Background: CYP11A1 encodes the P450 side chain cleavage enzyme (P450scc) responsible for initiating steroidogenesis and classically gives rise to disordered sex development plus adrenal and gonadal insufficiency. The rs6161 variant in exon 5 of CYP11A1 (c.940G>A; p.E314K) has previously been considered as benign. When next generation sequencing was performed in patients with primary adrenal insufficiency of unknown etiology the rs6161 variant was found as a heterozygous change in 15 subjects (minor allele frequency 0.0625 (our cohort) vs 0.0024 (ExAC database)). In 13 patients the c.940G>A variant occurred in trans with a second clearly disruptive heterozygous change, in the remaining two patients the only other novel variant was a synonymous substitution (c.990G>A (p.T330=), c.1173C>T (p.S391=)). Given the enrichment of the c.940A allele and rarity of the two synonymous variants c.990A and c.1173T (MAF 0 and 3×106 respectively), we suspected they were pathogenic and therefore investigated their effects on mRNA processing and/or protein function.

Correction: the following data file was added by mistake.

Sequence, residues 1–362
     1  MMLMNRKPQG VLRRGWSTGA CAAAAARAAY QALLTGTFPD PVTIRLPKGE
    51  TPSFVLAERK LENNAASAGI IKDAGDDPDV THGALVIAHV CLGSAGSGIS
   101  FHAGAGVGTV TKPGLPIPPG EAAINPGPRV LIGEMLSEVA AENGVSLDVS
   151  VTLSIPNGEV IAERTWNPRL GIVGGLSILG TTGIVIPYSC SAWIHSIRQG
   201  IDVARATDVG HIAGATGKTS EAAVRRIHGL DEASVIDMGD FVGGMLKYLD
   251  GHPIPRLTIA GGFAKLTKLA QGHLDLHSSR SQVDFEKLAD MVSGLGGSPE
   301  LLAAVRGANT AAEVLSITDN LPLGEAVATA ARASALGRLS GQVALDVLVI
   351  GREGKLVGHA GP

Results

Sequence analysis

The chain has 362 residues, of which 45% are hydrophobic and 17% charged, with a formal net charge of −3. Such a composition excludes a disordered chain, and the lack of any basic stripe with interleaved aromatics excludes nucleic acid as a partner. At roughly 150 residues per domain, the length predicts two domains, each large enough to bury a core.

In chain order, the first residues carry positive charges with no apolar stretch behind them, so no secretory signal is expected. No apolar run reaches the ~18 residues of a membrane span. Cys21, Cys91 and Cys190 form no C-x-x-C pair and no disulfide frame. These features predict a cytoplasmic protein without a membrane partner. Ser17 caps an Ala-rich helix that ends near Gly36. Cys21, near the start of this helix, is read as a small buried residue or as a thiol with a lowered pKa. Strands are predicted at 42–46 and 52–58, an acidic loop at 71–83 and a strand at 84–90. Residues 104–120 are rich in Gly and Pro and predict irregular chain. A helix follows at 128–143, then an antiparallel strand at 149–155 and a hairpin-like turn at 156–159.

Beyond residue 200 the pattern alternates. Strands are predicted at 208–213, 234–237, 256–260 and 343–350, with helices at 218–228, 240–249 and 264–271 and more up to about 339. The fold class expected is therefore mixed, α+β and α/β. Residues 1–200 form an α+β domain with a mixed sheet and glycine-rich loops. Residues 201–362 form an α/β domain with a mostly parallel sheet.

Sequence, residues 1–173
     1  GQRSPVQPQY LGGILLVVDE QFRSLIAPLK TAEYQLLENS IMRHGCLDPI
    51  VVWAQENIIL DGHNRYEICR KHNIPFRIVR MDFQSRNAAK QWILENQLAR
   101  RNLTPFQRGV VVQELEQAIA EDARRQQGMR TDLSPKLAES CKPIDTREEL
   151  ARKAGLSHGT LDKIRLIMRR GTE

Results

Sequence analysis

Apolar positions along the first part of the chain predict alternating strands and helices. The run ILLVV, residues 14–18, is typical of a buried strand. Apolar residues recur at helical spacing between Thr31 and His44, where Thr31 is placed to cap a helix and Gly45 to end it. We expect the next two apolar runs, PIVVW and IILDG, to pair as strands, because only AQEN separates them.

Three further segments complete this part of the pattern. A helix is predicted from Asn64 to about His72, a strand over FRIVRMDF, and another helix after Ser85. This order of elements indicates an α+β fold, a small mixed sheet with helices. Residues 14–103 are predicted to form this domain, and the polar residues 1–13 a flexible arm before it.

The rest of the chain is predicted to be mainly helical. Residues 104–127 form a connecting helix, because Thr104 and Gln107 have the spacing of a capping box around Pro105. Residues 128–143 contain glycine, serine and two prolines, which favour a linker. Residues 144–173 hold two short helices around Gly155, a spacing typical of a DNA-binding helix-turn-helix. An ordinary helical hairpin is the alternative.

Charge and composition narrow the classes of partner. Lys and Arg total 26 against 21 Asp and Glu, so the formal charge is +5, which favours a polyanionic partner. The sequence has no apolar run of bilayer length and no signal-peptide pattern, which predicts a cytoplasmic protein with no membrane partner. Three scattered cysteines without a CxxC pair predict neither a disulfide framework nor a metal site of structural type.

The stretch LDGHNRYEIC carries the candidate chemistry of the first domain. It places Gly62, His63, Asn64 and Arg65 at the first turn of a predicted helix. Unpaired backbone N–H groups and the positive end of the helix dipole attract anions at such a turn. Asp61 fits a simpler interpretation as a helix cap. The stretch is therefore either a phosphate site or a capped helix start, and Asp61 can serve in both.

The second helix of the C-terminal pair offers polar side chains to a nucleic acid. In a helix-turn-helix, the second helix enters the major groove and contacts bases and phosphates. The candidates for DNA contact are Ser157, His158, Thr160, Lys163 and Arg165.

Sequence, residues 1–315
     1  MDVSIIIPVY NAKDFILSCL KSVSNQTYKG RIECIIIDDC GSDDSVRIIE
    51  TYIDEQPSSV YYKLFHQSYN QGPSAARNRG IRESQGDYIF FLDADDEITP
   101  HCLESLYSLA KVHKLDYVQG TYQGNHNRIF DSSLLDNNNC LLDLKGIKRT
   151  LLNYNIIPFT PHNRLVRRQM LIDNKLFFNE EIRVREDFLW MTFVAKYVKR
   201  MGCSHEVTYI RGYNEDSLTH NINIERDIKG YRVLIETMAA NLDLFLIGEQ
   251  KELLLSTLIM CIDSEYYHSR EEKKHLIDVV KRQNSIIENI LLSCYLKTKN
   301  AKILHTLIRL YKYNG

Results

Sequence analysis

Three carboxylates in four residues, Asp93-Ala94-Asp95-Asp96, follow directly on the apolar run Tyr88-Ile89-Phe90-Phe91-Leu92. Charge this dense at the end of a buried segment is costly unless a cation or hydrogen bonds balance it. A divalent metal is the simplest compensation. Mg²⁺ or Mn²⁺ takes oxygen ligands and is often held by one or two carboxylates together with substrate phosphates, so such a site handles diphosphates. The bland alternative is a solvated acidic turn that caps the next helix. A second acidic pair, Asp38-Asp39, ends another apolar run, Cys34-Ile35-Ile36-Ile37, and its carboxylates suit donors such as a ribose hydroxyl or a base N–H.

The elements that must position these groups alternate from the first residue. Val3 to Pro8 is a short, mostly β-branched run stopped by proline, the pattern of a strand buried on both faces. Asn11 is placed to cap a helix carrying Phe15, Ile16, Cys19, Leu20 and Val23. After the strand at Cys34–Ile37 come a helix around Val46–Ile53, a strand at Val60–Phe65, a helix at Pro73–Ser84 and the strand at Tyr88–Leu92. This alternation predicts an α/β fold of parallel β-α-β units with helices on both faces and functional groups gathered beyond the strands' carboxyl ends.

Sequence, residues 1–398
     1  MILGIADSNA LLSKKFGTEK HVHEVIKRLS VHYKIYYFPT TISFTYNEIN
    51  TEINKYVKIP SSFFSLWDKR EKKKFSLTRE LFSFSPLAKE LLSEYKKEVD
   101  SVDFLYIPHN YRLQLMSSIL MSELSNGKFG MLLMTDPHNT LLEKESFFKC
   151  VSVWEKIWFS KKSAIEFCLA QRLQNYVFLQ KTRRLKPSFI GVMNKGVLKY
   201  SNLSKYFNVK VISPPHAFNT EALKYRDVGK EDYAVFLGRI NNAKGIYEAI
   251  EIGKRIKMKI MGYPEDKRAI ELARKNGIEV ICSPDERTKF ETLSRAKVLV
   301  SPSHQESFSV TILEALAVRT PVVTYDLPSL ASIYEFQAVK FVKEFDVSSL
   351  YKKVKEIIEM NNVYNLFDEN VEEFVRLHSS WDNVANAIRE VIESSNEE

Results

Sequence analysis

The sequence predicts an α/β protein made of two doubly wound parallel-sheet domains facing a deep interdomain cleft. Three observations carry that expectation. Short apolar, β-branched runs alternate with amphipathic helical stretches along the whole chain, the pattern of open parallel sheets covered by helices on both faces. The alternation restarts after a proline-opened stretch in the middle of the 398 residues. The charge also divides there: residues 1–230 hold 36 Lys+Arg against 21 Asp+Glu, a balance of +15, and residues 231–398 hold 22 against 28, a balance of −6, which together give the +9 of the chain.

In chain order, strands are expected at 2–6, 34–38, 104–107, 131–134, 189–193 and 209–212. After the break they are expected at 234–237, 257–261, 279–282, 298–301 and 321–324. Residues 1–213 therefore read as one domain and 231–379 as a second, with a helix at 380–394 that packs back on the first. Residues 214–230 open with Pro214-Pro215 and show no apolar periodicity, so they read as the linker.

Results: An in vitro splicing assay demonstrated aberrant splicing for all three variants, causing exon 5 skipping in most RNA transcripts for variants c.940A and c.990A and complete exon 7 skipping for c.1173T. In each instance when the exon is skipped a frameshift and premature translation-termination codon will occur. We corroborated the findings for variants c.940A and c.990A in vivo in patient samples. Mutant p.314K P450scc enzyme activity did not differ from WT in a validated functional assay in E. coli. However, when expressed in a eukaryotic cell line the mutant protein is truncated to 30-35 kDa, and the half-life is much shorter than for WT.
Conclusion: This comprehensive analysis illustrates how multiple mechanisms might contribute to loss-of-function and highlights the fact that in silico prediction tools are inadequate. Therefore functional analyses need to be undertaken on all rare variants to determine pathogenicity and correctly assign clinical significance.